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Tag Archives: dehydrated

What am I, a sadist or something?

Actually, no, despite what people accuse me of when they find out what I do.  I don’t enjoy hurting people.  Well, that’s not entirely true.  I do feel a little surge of satisfaction when a client walks in to my office claiming “you can’t hurt me,” and then I make them cry ‘uncle;’ but I have a bit of a spiteful streak, just ask my mother.  Generally speaking, I don’t want to hurt you or anyone else.  The goal of every session is to help, not hurt; unfortunately, sometimes they’re one and the same.

So, how can you decrease your chances of feeling pain during a session?  Every once in a while, it’s completely unavoidable.  Breaking up scar tissue isn’t fun for anyone; and everyone’s got an extra-sensitive spot, whether it’s the IT bands, or the ilio-psoas, or the bottoms of your feet.  However, most pain can be avoided with two little tricks.

First, there’s water, water, and more water.  Dehydrated tissues are like glue that’s begun to dry out:  it’s really thick and hard to move, and I’m in the business of moving tissue.  Well hydrated tissues are like, well, watery glue:  runny and extremely pliable.  I can tell as soon as I start working who’s a big water drinker and who’s chosen diuretics for their liquid intake instead.  Diuretics are anything that cause the body to expel water; such as caffeine and alcohol.  Sugar requires so much water to process that it also causes dehydration, so even caffeine free pop and juice can lead to gummy, sticky tissues.  I cannot tell if you just chugged a bottle of water before your session, unless I start pressing on your bladder.  Nor can I tell you had three cups of coffee this morning, except by the fact that you’re having an awfully difficult time lying down.  What I can tell is what your patterns are.  When you’re thirsty, do you reach for water or pop?  Do you start every day with a pot of coffee or a cup of herbal tea?  The more hydrated you are habitually the less pain you’ll experience during your sessions.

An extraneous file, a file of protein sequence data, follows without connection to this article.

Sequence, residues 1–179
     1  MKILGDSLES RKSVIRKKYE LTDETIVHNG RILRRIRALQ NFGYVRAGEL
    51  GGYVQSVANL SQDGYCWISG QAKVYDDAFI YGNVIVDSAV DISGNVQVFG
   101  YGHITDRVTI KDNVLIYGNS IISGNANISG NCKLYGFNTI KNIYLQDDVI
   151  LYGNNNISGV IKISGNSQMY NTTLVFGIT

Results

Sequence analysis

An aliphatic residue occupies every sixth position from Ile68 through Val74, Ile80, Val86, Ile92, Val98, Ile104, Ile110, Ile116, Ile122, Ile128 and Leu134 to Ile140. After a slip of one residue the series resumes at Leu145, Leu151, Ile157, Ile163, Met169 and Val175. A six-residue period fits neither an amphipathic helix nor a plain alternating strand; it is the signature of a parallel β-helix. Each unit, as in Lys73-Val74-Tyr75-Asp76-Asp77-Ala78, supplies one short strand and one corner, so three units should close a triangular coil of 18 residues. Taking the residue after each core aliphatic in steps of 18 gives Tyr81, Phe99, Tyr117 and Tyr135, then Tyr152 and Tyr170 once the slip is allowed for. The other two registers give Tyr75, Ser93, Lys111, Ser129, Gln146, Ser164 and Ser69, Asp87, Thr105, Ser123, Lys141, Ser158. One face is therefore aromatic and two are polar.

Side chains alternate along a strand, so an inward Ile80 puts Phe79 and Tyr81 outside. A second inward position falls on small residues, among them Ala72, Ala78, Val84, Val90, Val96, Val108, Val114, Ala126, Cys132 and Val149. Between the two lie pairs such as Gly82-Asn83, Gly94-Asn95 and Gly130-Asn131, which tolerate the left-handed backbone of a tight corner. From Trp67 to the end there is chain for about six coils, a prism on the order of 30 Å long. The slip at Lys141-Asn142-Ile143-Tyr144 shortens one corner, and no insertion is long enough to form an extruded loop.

The second little trick is talking to me.  Everyone has different sensitive areas.  And everyone has a different pain threshold.  Until you let me know where your boundaries are, I have a hard time reading your mind.  Sure, there are clues people give off, that I’m well-trained to pay attention to.  Holding your breath, clenching your jaw or fists, and a fluttering of your eyelids may all indicate that we’re working in a place that’s not at all comfortable.  But it’s better for me, and you, if we don’t get to the place where you’re holding your breath at all.  And since you’re the expert on your body, you’re the only one who can tell me “we’re getting close to the edge of what I can take.”  So please do!  Communicating with me about what areas are sensitive and when you’d like me to slow down or ease up can go a long way in making sure you’re not jumping off the table.  You’ll also get better results if we’re not causing problems in your jaw while working on your IT bands.

While I try my best not to cause unnecessary pain, much of the responsibility lies with you.  So quit assuming it’s fun for me to see you jump, please.  I’m only here to help.  I promise.